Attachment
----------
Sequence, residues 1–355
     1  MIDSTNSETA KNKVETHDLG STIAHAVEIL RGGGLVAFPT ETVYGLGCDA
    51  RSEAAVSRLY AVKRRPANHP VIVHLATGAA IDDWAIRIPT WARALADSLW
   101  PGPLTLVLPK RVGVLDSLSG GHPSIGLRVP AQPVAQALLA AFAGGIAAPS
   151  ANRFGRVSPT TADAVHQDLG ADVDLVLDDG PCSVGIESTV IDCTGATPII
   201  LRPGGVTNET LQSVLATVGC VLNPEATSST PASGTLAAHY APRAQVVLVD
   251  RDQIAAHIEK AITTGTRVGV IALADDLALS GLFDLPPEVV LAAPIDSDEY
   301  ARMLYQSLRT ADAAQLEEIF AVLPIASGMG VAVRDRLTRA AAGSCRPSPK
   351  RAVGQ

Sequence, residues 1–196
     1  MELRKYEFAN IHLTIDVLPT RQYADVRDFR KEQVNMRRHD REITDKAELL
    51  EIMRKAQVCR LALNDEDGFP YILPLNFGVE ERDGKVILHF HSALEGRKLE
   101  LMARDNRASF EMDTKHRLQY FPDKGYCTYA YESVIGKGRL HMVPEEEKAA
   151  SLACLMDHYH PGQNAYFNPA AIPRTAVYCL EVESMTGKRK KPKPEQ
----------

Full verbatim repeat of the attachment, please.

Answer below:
Sequence, residues 1–355
     1  MIDSTNSETA KNKVETHDLG STIAHAVEIL RGGGLVAFPT ETVYGLGCDA
    51  RSEAAVSRLY AVKRRPANHP VIVHLATGAA IDDWAIRIPT WARALADSLW
   101  PGPLTLVLPK RVGVLDSLSG GHPSIGLRVP AQPVAQALLA AFAGGIAAPS
   151  ANRFGRVSPT TADAVHQDLG ADVDLVLDDG PCSVGIESTV IDCTGATPII
   201  LRPGGVTNET LQSVLATVGC VLNPEATSST PASGTLAAHY APRAQVVLVD
   251  RDQIAAHIEK AITTGTRVGV IALADDLALS GLFDLPPEVV LAAPIDSDEY
   301  ARMLYQSLRT ADAAQLEEIF AVLPIASGMG VAVRDRLTRA AAGSCRPSPK
   351  RAVGQ

Sequence, residues 1–196
     1  MELRKYEFAN IHLTIDVLPT RQYADVRDFR KEQVNMRRHD REITDKAELL
    51  EIMRKAQVCR LALNDEDGFP YILPLNFGVE ERDGKVILHF HSALEGRKLE
   101  LMARDNRASF EMDTKHRLQY FPDKGYCTYA YESVIGKGRL HMVPEEEKAA
   151  SLACLMDHYH PGQNAYFNPA AIPRTAVYCL EVESMTGKRK KPKPEQ